It seems strangely appropriate that I sit down to interview Alex Darby directly following a lecture on Italian Neorealism for the European Cinema paper we’re both taking this term. As co-president of the OBA, Alex is at the forefront of Oxford’s student filmmaking scene, and begins by telling me about some of the Oxford-produced films being screened this Sunday in an event that will showcase the university’s directorial, screenwriting and acting talent.
“The event is the OBA (Oxford Broadcasting) short film screening. It’s a selection of the best student shorts made over the last year, so they’re mostly made by people who have just graduated, and these are projects that OBA has funded and backed, quite often with our own equipment.
“One exception to that is a short film called Stray, a film by Sophie Russell who is at the National Film and Television School at the moment. She was at Oxford about four or five years ago and that was her entry film. She’s happy to have it screened and it might be of interest to other people looking to go down that route. But it’s mostly the premiere of films that OBA’s funded; the most exciting student films made over the last year.”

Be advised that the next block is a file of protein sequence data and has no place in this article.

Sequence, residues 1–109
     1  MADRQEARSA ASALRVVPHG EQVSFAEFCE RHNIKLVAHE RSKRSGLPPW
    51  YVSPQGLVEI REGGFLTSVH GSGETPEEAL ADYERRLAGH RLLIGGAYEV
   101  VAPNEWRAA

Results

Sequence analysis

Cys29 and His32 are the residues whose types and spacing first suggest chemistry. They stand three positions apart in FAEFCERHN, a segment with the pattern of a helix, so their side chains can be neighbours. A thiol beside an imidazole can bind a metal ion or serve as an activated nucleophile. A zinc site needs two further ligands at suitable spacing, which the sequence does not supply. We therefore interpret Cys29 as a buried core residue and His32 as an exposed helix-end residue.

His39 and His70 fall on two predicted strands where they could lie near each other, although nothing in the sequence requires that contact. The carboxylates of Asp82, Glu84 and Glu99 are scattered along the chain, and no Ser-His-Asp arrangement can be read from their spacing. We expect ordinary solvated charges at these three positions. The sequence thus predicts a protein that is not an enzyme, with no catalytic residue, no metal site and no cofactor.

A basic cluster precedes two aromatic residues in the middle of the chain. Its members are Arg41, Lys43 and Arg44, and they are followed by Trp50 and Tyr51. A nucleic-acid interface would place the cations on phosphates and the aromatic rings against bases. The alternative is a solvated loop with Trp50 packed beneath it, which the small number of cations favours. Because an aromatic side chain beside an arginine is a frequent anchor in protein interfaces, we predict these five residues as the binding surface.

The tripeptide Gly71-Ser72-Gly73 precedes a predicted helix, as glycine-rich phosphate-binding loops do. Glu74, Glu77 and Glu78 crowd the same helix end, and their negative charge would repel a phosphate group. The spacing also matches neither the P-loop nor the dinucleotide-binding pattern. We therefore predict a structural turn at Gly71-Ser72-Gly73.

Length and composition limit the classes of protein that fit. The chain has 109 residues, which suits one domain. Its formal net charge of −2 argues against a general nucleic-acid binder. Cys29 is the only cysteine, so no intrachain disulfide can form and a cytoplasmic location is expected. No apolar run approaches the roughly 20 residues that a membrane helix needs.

So some of these films will never have been shown before?
“Most of them. We have the first screenings for Lick, Genius, Catkins and Baktrack.”
I ask how many films are being shown. Alex laughs. “I should know this! About eight. No, the premiere is for six out of nine — it’s the premiere for Waterbird as well.”
What films is Alex specifically excited about? Having directed three of the nine, I assume it will interest him to see how they go down.
He nods. “The films I’m specifically excited about are… well, all of them really! But I produced one called Genius which I’m really excited to see. It’s a Spinal Tap-esque mockumentary of the student drama scene in Oxford. I think it’s devastatingly funny.” There is a moment’s pause. “It’s just fucking funny. It’s about students making plays and being ridiculous but also has quite an intelligent, satirical side to it too. I’m hoping that’ll go down really well; it was a lot of fun to make, it’s got a good score and some really good acting in it as well.”